“We’re working with a university right now with lots of lecturing,” she said. “When the system detects that students haven’t participated in a while, we flash a big red screen on the instructor’s laptop to notify them to incorporate some student interaction.”

Wednesday, June 29, 2016

Students Don't Know Aid is Available

Many prospective college students and their parents are unaware they could qualify for federal financial aid, which may lead some to either take out bigger private loans to fund their schooling or not enroll in higher education at all.

A recent survey of 5,000 high school students and parents by Royall & Co., a consulting firm for enrollment and fundraising management, found that many respondents believed their household income was too high to obtain a Pell Grant or low-interest federal loan. Even in the bottom income bracket ($60,000 or less), 27% of students and 34% of parents didn’t think they could secure aid.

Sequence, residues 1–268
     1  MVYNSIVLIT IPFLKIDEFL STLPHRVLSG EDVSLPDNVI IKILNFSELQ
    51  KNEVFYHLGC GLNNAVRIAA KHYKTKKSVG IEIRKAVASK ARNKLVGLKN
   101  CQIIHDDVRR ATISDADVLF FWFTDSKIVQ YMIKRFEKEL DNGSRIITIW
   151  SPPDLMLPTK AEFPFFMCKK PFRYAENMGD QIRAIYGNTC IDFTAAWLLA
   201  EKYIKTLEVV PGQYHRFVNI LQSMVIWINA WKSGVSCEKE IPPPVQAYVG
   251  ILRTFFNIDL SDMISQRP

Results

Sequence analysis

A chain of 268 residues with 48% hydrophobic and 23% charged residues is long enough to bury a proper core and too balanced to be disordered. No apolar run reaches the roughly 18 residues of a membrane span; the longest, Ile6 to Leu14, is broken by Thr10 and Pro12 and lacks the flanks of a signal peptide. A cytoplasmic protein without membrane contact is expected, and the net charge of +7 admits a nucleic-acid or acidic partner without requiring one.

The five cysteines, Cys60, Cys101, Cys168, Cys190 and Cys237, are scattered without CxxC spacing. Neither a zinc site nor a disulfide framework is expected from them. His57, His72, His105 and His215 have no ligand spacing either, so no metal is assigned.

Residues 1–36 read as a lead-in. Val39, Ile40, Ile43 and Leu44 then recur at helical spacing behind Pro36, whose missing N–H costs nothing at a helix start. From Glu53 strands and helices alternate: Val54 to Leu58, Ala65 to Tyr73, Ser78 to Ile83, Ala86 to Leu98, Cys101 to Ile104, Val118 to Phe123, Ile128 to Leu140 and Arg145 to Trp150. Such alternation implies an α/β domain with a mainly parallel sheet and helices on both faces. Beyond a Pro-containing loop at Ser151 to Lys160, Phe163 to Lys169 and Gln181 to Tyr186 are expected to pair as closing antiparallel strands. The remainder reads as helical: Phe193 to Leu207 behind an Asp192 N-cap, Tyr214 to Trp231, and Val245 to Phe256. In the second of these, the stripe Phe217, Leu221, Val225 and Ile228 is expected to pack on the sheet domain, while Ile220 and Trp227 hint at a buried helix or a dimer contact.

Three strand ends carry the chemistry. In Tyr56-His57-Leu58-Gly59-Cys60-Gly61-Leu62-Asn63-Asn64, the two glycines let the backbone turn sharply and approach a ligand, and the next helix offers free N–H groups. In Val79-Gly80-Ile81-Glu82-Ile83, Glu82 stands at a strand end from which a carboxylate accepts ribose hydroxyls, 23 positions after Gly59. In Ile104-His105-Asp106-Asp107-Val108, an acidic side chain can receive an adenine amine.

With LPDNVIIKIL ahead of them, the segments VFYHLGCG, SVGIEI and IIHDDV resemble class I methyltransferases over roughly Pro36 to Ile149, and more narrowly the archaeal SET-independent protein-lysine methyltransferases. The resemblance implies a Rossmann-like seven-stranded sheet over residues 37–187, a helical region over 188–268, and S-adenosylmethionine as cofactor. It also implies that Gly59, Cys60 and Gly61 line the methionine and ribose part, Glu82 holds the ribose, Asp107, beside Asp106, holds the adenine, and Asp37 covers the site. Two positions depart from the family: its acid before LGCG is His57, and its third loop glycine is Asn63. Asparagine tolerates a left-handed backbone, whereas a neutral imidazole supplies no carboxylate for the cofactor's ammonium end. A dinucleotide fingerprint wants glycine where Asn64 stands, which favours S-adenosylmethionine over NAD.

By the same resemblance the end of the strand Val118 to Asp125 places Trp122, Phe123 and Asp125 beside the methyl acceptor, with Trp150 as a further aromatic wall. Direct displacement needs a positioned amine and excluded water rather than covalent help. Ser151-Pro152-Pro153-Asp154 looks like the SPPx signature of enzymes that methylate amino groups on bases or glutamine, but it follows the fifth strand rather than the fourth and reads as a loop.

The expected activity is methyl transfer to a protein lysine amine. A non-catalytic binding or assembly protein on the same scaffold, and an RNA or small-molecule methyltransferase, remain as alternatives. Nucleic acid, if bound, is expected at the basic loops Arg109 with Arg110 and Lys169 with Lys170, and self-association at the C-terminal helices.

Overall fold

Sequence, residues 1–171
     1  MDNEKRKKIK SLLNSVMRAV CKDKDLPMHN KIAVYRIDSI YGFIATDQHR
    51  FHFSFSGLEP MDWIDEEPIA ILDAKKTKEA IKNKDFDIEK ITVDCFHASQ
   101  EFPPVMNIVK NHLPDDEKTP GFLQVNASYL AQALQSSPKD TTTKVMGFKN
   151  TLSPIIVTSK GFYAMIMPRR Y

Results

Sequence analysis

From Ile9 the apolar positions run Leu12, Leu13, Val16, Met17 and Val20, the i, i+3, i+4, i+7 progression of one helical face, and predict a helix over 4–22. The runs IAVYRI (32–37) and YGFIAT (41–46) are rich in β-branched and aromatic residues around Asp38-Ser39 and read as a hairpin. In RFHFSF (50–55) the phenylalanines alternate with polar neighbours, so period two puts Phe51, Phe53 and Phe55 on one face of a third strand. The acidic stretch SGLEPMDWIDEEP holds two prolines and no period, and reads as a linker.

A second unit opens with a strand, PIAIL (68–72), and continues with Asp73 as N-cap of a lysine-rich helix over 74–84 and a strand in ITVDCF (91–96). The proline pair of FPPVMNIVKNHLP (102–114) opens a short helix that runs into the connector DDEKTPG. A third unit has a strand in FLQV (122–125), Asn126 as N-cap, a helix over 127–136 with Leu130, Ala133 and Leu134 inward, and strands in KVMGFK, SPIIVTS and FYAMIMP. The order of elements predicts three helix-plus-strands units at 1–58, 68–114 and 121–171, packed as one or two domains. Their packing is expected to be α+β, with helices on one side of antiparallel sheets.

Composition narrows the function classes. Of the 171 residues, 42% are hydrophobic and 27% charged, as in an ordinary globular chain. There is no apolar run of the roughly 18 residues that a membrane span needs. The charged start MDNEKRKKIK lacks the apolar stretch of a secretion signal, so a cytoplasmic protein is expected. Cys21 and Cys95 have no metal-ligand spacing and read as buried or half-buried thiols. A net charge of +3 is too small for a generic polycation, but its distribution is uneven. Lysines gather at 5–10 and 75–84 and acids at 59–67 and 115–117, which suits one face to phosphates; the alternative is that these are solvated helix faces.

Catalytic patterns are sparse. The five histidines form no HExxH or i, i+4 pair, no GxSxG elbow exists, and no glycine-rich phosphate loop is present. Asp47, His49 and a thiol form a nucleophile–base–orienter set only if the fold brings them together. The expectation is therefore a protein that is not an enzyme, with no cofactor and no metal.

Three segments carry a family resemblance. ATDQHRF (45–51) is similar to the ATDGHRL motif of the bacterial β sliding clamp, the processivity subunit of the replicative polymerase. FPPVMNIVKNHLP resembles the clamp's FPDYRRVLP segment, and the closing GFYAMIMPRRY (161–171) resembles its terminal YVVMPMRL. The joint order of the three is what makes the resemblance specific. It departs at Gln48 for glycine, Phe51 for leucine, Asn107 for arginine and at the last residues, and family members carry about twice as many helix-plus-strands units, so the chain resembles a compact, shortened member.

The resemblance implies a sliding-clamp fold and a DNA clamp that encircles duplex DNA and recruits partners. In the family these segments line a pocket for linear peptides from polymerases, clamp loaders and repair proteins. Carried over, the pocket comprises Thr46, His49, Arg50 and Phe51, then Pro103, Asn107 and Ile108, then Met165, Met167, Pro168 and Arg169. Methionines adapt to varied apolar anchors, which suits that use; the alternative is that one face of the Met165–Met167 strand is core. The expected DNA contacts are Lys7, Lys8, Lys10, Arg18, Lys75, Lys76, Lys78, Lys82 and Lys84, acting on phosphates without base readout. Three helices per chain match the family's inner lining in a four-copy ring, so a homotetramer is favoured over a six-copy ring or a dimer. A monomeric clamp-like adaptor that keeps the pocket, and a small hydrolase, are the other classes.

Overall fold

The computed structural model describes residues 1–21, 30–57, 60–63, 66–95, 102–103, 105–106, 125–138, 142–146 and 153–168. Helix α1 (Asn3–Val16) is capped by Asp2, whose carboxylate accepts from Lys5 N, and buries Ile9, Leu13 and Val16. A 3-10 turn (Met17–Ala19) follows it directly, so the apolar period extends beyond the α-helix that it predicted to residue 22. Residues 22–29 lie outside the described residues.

“In contrast, according to an EAB (Royall’s parent company) analysis of National Center for Education Statistics data, 84% of students with household incomes of less than $60,000 received Pell Grants—and many more students in this income bracket qualified for subsidized student loans,” a spokesperson for Royall said in a release.

In addition, the survey discovered that families in the lowest income bracket are more reluctant to fill out the required Free Application for Federal Student Aid (FAFSA). Many of these families also don’t realize how much time is needed to process applications and end up submitting their forms too late to receive monies before tuition and other costs, such as buying course materials and school supplies, are due.